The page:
Throggs Neck filmmaker named a finalist in 2020 Hip Hop Film Festival

Bronx resident Jaylin Pressley is a finalist in the Hip Hop Film Festival.
Courtesy of Jaylin Pressley

As a child, Jaylin Pressley fell in love with the big screen. Today, the lifelong Throggs Neck resident is living his dream as a movie director.

The 26-year-old recently finished his third film, “Rest of Us,” which was named a finalist in the best drama category in the 2020 Hip Hop Film Festival. On Aug. 20, the flick will be screened virtually.

The festival is worldwide and features more than 200 films, but only 30 advanced to the final round. If Pressley wins, he gets a sit down with Revolt TV who will work with him on a future project.

“Hearing I have the opportunity for that is truly amazing,” he said. “As an independent artist, you always want people to see your work.”

The movie deals with a teen who receives a scholarship for college, but during his senior year, he cuts class and things spiral out of control.

While the movie involves racial tensions between cops and a Black person, he stressed that there’s deeper message. Pressley said that he wants people to see that all young adults face peer pressure and it’s important to stay on the right path.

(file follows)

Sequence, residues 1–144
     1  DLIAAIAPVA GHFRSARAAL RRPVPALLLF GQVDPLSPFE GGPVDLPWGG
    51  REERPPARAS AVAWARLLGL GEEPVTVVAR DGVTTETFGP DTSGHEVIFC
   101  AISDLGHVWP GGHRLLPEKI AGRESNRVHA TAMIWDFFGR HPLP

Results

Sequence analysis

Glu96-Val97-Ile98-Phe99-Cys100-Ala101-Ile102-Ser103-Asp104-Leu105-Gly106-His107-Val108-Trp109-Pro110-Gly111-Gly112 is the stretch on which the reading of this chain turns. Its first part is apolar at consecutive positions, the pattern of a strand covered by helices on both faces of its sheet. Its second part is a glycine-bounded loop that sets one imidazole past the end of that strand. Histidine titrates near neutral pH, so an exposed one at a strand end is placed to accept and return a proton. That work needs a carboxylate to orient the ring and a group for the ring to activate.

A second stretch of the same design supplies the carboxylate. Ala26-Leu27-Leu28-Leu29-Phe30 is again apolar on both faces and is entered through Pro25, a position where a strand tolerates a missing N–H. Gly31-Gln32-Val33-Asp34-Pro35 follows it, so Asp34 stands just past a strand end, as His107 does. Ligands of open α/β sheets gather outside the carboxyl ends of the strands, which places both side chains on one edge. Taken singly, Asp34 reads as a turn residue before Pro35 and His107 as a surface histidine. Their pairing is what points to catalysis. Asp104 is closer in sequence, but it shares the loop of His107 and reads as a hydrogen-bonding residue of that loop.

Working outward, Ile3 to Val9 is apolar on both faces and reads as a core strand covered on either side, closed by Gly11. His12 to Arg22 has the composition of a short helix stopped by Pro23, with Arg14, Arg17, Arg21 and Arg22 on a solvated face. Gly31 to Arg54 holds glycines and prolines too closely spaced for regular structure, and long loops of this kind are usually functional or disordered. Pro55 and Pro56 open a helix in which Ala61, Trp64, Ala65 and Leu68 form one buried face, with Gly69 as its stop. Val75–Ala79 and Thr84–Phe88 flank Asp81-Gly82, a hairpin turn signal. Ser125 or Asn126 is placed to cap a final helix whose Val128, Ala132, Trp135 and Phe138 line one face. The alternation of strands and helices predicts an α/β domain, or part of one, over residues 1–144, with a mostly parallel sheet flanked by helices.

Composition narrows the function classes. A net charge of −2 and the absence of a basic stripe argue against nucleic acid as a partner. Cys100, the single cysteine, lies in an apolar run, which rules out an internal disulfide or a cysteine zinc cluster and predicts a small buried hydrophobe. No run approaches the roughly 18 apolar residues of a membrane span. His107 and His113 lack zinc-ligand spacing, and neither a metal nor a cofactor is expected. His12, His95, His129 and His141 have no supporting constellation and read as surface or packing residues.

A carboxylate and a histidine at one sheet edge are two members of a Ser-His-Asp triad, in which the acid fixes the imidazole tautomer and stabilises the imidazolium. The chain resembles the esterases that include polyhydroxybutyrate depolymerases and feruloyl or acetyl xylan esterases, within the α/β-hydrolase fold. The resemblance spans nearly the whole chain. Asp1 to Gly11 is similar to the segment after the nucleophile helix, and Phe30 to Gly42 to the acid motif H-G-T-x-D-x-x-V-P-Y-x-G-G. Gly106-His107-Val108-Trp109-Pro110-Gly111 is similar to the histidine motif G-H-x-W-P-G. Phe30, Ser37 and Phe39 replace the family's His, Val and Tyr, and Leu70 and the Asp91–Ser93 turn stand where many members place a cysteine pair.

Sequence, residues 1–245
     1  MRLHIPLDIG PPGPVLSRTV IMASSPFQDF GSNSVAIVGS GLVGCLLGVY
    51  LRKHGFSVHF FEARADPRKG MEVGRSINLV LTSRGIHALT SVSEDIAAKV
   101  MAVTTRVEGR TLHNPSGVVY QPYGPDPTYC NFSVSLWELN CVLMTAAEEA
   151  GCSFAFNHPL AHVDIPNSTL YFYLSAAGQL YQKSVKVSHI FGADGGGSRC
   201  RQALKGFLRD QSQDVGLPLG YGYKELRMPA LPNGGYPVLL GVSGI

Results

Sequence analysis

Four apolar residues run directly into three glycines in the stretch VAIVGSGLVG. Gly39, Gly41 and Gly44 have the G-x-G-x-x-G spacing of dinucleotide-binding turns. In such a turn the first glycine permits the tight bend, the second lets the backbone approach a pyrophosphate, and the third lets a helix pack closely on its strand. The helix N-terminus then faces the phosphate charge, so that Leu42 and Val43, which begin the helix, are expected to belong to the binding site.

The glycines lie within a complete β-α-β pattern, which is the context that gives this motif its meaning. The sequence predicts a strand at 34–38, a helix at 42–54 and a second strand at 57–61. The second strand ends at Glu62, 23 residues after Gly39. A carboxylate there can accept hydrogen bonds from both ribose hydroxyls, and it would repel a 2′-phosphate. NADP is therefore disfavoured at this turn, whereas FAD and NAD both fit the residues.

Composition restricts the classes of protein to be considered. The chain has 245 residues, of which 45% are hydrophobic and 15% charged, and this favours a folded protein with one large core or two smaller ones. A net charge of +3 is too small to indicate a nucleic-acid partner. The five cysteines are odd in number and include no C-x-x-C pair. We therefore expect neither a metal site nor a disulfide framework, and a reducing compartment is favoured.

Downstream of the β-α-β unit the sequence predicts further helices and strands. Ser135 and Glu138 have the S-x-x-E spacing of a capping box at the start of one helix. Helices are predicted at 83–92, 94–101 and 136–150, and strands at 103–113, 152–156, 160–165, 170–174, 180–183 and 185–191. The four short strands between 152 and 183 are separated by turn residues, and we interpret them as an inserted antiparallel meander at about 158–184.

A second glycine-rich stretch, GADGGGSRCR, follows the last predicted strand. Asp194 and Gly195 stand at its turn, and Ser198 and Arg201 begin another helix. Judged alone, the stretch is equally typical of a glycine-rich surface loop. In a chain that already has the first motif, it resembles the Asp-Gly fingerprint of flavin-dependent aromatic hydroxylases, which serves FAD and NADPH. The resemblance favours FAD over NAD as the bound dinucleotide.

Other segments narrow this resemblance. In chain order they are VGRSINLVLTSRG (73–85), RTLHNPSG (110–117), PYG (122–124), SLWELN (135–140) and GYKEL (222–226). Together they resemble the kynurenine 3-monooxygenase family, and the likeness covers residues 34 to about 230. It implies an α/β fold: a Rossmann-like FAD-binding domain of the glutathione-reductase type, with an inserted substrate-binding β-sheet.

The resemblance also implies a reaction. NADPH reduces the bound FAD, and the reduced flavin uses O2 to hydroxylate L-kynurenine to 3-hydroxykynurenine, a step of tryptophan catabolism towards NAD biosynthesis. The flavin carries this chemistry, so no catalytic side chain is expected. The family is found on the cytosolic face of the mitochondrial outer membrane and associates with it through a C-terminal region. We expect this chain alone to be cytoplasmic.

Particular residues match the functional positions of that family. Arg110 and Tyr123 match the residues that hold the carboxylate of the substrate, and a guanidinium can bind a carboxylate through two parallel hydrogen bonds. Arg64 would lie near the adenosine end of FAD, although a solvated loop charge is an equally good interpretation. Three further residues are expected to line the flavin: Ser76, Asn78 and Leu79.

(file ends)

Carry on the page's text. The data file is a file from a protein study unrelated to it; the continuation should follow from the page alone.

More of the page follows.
‘This film isn’t about shooting a kid,” he said.

Pressley finished the film in January and in the spring, heard about the festival while listening to Hot 97.  He entered “Rest of Us” in the contest and in June, found out he was among the selections. A week later he received an email saying he was a finalist.

Bronx resident Jaylin Pressley is a finalist in the Hip Hop Film Festival. Courtesy of Jaylin Pressley

As the time for the festival draws closer, he reminisced about how his love for the big screen started around the age of 7 when he used to go the Magic Johnson Theater in Harlem every week with his grandfather, Edward.

This turned him into a movie buff and one of his favorite films is “Saving Private Ryan.”

“I was always fascinated by movies and telling stories,” he said.

Growing up in the projects in the Throggs Neck Houses, he was surrounded by drugs and violence. But through becoming a director, he is able to show his 7-year-old daughter, Janee, that anything is possible.

“I always tell my daughter she can be whatever she wants to be,” Pressley said.

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